If you’ve ever stopped by a snow cone cart at the beach, a fair, or a sporting event, then you already know how refreshing this favorite treat can be. Starting a snow cone business of your own can provide an exciting business venture, and when done on a smaller scale, startup costs are minimal. One of the advantages of this type of business is that it’s seasonal – it’s something you can do in the summer for extra income but doesn’t need to become a full-time, year-round business..
A snow cone business (also known as a shave ice or shaved ice) offers delicious frozen treats at convenient locations, like beaches and fairs. These businesses may take on various business models, including a full-service model where cones are served up ready to eat, to more of a self-serve model where kids get to churn their own ice and add their own toppings.
Snow cone businesses range from small, single-location stands to larger operations or franchises with multiple stands or mobile trucks. The business model can be highly versatile; snow cone stands can be located in a permanent location, but many operators choose to run a mobile business that can be moved to different events, such as fairs, carnivals, sporting events, and concerts.
The snow cone industry is characterized by relatively low barriers to entry. Starting a snow cone business doesn’t require a large initial investment compared to other food businesses. The necessary equipment – a snow cone machine, flavors, cups, and spoons – is relatively inexpensive. Additionally, the operational and inventory costs tend to be low, which can lead to high profit margins.
One of the key success factors in this industry is the ability to offer a wide variety of flavors. Customers, especially younger ones, enjoy trying new and unique flavor combinations and toppings, so keeping up with flavor trends is important. The industry has seen an increase in demand for natural and organic flavors, in line with broader consumer trends toward healthier options.
However, like all businesses, the snow cone industry also faces its own set of challenges. The seasonality of the business means that operators need to plan for off-peak periods. In addition, there is competition from other frozen dessert businesses such as ice cream shops, gelaterias, and frozen yogurt stores.
Despite these challenges, the industry continues to thrive due to the enduring appeal of this simple, sweet treat. The future of the industry could see growth in areas such as artisanal or gourmet snow cones, the use of unique, ethnic, or adult (alcohol-infused) flavors, and increased focus on eco-friendly practices, like using biodegradable cups and spoons.
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Checklist To Start A Snow Cone Business
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Starting a snow cone business can be an incredibly rewarding experience, but it’s important to make sure you’re prepared for the challenges ahead. Use this checklist to help get your business off on the right foot.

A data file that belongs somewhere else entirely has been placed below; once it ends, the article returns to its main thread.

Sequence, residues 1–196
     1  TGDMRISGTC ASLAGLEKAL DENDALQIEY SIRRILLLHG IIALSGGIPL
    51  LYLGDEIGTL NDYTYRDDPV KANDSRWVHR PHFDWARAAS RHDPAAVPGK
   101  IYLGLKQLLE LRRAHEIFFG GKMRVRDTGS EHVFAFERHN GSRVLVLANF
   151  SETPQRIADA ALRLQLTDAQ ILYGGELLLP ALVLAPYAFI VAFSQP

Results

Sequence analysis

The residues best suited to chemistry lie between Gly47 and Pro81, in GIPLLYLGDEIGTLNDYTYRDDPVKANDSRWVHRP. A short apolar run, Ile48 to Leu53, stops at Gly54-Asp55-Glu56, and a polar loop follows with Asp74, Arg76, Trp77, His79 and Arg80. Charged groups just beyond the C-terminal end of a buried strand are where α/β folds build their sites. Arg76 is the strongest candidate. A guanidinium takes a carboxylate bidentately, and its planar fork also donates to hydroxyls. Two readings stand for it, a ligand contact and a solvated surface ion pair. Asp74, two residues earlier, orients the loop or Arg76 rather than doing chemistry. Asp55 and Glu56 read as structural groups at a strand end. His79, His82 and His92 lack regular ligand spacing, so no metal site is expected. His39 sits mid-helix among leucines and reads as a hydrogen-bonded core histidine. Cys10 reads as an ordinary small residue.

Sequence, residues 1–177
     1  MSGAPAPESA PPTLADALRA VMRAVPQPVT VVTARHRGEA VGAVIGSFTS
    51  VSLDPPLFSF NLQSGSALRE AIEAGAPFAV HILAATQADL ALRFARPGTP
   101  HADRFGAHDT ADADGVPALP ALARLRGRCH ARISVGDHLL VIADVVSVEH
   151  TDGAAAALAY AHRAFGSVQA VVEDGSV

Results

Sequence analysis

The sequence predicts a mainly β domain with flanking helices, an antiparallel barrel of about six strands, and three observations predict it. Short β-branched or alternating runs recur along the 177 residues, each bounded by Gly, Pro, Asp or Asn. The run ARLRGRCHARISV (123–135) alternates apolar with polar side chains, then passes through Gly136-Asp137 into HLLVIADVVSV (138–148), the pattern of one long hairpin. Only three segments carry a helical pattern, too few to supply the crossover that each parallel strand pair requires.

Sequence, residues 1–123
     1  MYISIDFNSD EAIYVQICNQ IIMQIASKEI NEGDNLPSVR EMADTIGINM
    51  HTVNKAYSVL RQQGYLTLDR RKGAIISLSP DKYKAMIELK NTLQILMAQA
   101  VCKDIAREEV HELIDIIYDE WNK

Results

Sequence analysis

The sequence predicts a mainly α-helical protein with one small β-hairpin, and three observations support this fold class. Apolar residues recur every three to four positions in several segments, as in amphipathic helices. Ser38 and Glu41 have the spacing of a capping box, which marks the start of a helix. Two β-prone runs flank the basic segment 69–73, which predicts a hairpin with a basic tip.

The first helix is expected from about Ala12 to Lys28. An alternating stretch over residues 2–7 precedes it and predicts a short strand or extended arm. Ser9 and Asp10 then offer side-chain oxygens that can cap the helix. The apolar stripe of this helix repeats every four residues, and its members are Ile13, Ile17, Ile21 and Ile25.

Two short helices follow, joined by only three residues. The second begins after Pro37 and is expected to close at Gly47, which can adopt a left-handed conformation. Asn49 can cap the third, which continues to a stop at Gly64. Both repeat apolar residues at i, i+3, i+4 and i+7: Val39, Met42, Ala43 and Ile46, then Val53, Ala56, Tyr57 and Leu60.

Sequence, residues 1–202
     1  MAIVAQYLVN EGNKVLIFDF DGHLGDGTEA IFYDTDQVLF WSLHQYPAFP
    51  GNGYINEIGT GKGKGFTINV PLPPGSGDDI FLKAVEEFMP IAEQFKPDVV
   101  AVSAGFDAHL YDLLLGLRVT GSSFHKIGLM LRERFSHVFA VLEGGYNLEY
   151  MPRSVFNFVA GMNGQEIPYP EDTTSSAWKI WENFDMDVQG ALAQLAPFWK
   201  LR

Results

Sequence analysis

Step 1: Research the market
Starting a new snow cone business requires proper market research to assess if there is enough customer demand to make the business profitable. Here are some methods to conduct this research:
Demographics: Determine the potential customer base in your chosen location. Generally, snow cone businesses tend to appeal more to children, teenagers, and young adults, but adults can be a market as well, especially if your offerings have an artisanal or gourmet appeal. You can use U.S. Census data or similar resources to gather demographic information.
Competitor Analysis: Look at other similar businesses in your area. This could be other snow cone businesses, but also ice cream shops, frozen yogurt stores, and other dessert places. Look at their menu, their pricing, and their hours, and try to determine their customer volume. This could help you identify a gap in the market that your business can fill. Tools like Google Maps or Yelp can be helpful for this.
Local Events and Festivals: Assess if your area has regular outdoor events like fairs, markets, or sports events. These can be excellent opportunities for a snow cone business, especially in warmer months (especially if there aren’t already other competitors). Because of this, you might want to consider a mobile setup to take advantage of these opportunities and go where there are large numbers of people. Local event calendars, news, or city council websites can provide information about these events.
Seasonal Demand: Remember, snow cone businesses are often seasonal, with high demand in spring and summer, and then a large drop-off in fall and winter. If you plan to commit to a storefront, you’ll need to factor this into your plans, perhaps by offering other products in the cooler months or finding ways to serve indoor events.
Remember, this is all exploratory research. Once you’ve gathered your data, you’ll need to analyze it to determine if there is a profitable market for your snow cone business.
Step 2: Create a business plan
A business plan is critical for any venture, including a snow cone business, because it helps define your business objectives, strategies, and potential challenges. It’s a roadmap for your business’s future and a tool to track your progress. Moreover, if you plan to seek financial support from investors or lenders, a well-crafted business plan is vital.
For a snow cone business, certain sections of the business plan are especially significant: